And then the blowing machine gets positioned outside your house or in your garage or whatever. The insulation packages slide into it. It’s almost designed as a slot; you put it right in the side. You take the hose up to your attic and it’s remote-controlled, so you can turn the machine on and off and control the flow.

    And then, this type of insulation gets into the nooks and crannies, it expands nicely and it’s low dust. So it’s a very easy way to do your own blown-in insulation and get a really good, contiguous, solid application of insulation in that attic.

    LESLIE: And a targeted application, as well.

    TOM: Yeah. And you could do a whole house in about four hours.

    DOUG: OK. Great. Well, I appreciate the advice. I’d like to maybe get a big vacuum cleaner to get the old up.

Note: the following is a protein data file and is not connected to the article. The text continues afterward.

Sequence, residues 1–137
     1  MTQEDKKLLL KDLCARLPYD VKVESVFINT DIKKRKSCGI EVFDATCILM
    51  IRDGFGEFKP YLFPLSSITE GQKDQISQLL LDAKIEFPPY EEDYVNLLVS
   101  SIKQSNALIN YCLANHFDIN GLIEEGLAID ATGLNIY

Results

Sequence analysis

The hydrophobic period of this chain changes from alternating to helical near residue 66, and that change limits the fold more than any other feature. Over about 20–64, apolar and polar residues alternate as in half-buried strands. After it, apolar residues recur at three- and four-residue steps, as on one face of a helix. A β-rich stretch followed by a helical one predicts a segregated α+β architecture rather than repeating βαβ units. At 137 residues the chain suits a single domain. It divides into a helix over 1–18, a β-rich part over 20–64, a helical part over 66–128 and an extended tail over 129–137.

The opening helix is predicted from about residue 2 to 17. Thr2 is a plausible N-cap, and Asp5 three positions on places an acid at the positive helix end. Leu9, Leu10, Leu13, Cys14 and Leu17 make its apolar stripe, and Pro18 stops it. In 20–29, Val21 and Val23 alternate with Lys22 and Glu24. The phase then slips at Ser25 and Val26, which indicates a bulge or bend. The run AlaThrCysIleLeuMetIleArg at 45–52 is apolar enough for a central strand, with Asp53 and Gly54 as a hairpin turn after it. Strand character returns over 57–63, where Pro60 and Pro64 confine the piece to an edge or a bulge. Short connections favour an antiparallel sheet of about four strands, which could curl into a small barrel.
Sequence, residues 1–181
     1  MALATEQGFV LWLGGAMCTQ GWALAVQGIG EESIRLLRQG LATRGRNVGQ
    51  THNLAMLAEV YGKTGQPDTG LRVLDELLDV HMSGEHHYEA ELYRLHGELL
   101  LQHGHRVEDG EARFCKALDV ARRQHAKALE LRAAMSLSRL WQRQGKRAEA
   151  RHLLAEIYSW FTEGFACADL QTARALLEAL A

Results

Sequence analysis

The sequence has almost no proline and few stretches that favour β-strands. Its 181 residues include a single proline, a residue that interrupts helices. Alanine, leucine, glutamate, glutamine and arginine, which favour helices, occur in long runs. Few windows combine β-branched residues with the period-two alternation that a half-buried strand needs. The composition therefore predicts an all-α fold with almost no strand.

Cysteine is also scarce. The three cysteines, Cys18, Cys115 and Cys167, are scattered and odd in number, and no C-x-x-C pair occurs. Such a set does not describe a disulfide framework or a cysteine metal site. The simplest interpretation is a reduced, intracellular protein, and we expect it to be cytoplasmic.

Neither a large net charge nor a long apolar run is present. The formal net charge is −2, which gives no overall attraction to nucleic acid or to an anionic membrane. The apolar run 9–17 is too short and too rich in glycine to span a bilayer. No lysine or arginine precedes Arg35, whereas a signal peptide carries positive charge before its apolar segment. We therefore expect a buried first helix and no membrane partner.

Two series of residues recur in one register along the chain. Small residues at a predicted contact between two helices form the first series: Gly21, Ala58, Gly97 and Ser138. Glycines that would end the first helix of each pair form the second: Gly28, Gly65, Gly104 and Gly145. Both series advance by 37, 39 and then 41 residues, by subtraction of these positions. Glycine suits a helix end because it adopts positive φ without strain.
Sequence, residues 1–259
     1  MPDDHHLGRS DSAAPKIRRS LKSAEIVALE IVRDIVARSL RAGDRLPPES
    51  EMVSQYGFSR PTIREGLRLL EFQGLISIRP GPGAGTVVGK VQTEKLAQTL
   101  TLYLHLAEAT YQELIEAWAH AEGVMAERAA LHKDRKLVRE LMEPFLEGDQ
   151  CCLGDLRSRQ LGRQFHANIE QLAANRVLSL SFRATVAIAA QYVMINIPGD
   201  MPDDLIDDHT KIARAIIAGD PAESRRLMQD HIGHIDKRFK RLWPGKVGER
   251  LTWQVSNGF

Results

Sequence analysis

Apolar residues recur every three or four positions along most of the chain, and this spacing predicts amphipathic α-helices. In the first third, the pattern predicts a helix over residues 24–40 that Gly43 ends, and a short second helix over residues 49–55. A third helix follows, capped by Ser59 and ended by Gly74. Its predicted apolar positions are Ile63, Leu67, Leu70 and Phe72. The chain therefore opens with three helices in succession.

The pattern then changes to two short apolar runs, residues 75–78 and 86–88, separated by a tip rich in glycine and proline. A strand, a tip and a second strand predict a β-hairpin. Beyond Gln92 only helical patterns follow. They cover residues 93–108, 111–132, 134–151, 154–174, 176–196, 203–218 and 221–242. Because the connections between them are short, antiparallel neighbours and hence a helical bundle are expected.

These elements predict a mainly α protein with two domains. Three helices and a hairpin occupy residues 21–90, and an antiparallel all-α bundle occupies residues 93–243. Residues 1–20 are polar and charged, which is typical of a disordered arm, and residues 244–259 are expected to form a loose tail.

TOM: Yeah. The new insulation will go in in four hours. Getting the old stuff out, though, that’s going to be a day. Good luck with that project.

    DOUG: Alright. Thank you for your help.

    LESLIE: Coming up, what do you do with your indoor fireplace during the off-season? Well, you dress it up, of course, so you’ve got something beautiful to look at when there’s not a fire in it roaring. We’ll tell you what to do, next.

    TOM: Welcome back to The Money Pit Home Improvement Radio Show. I’m Tom Kraeutler.

    LESLIE: And I’m Leslie Segrete.

    TOM: Pick up the phone, give us a call, right now, at 888-MONEY-PIT or you can post your question online to MoneyPit.com.

    LESLIE: Alright. Now I’ve got a post here from Ed about a porch.

    TOM: That’s right. Ed says, “My existing front stair and brick-concrete front porch needs extensive repair or replacement. Can I have a wood or composite stair and porch installed over the existing porch? Or does the existing need to be removed totally?”